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How We Stop: Contain Optimus Klein and Force Him to Throw

Lost in all of the Heisman hype for the KSU QB is that he doesn't pass much. Let's make him try it.

Stop him, and you stop the Wildcats.
Stop him, and you stop the Wildcats.
Darren Carroll

Much has been made of the similarities between the schemes of Oregon and Kansas State's offenses, and that should play into the hands of the defense to an extent. The question is, will it be enough for either team to put any sort of wall in front of the two high-powered attacks?

When looking at Football Outsider's FEI rankings, it's easy to compare the Wildcats and Ducks - mostly because they're the first and second-ranked teams, respectively. Kansas State checks in at third in Game Efficiency (Oregon is far and away the top team in that metric) and is first in Special Teams Efficiency and Field Position Advantage.

This means that not only do the Wildcats have a fair amount of firepower behind star quarterback Calvin Colin Klein; they're also apt to take advantage of a breakdown in opposing special teams. Oregon has had more issues with their kicking units this season - especially on kickoff coverage - than the mean, so it will be important to make Klein start from the 25 instead of the 40.

When it comes to neutralizing Kansas State's scheme and personnel, a lot of the keys are the same mentioned when dissecting Oregon's spread attack. Klein and Running back John Hubert are the main rushing threats for the Wildcats and both have the skills to go off Thursday, averaging 4.6 and 5.2 yards per carry respectively.

As with the Ducks, we'll see a lot of option runs and some zone read looks, though Klein is more apt to keep the ball - either on the option or as a designed quarterback run - than Oregon signal caller Marcus Mariota. Oregon is likely to have starting defensive tackle Wade Keliikipi back for tomorrow's contest, something that could prove the difference as the Ducks need all hands on deck against the run.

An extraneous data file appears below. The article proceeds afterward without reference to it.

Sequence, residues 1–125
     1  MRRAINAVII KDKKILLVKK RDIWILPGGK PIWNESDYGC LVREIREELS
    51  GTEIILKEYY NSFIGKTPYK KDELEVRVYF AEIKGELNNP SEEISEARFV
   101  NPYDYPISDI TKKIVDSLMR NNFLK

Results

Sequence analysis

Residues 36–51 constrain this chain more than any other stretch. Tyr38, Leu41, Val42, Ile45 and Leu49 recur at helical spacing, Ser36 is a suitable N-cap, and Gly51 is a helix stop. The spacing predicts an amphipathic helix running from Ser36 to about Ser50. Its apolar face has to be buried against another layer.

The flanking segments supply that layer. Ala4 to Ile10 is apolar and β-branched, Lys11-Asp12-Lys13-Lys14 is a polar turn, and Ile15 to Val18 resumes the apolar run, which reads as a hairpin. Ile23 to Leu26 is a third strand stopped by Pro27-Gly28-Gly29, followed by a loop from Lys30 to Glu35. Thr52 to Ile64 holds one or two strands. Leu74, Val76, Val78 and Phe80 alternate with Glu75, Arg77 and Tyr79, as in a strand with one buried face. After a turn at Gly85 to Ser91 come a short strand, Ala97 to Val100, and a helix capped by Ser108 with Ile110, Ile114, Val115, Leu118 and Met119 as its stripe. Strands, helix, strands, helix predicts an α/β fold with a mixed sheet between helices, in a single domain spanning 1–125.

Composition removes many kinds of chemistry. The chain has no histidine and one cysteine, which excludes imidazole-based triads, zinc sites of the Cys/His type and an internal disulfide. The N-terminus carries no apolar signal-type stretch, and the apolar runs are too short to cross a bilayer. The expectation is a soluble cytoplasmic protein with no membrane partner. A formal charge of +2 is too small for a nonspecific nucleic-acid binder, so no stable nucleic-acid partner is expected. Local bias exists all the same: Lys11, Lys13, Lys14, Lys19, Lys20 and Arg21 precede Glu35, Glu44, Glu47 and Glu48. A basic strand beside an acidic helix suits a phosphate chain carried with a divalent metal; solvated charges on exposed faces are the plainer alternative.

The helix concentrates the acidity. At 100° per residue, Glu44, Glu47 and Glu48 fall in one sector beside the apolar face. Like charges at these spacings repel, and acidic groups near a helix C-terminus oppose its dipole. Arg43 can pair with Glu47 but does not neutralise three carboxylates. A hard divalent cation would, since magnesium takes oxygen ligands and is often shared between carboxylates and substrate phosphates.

The Wildcats will work both inside-out and outside-in with run progressions, therefore the Ducks' linebacker core will need to be on their game when it comes to containing Klein and co. and forcing Kansas State to take chances on third down against a Ducks' defense that led the county in interceptions for the regular season.

It also wouldn't be a surprise to see Klein spied on most obvious passing situations as he's done an excellent job spreading the ball around this season, which may mean less heavy blitzing called by defensive coordinator Nick Allioti on third down.

Kansas State brings three receivers with more than 500 yards receiving with them to Glendale, led of course by former Oregon quarterback/wide out Chris Harper, now a redshirt senior and Klein's favorite target.

Much like Oregon's passing game, the biggest threat through the air is over the middle and down the seam, though Harper is a big, strong athlete who could feasibly use his frame to "box out" Oregon's smaller cornerbacks on a deep ball.

Perhaps related to Harper's emergence is the fact that Klein's yards-per-attempt rose considerably this season: 9.15 this year compared to 6.83 in 2011. Expect him to test the depleted Oregon secondary early and often and don't be surprised if the Wildcats hit it big on a deep shot or two.

Personally, I think this game will come down to how the two offenses perform on third down - not just because possessions should be at an inflated premium on Thursday, but because I expect that to be where both defenses take chances and hope to flip both the field and momentum with turnovers.

Oregon will need to be sound on their gaps and containment assignments, making sure not to lose track of the backside of a play and keeping everything in front of them. If they can force Kansas State to the air - taking out the outlier of the Baylor game where Klein threw 50 times, he averaged 18.5 passing attempts in his other 11 games - I like the Ducks chances even more than I already do, because maybe things like this will happen.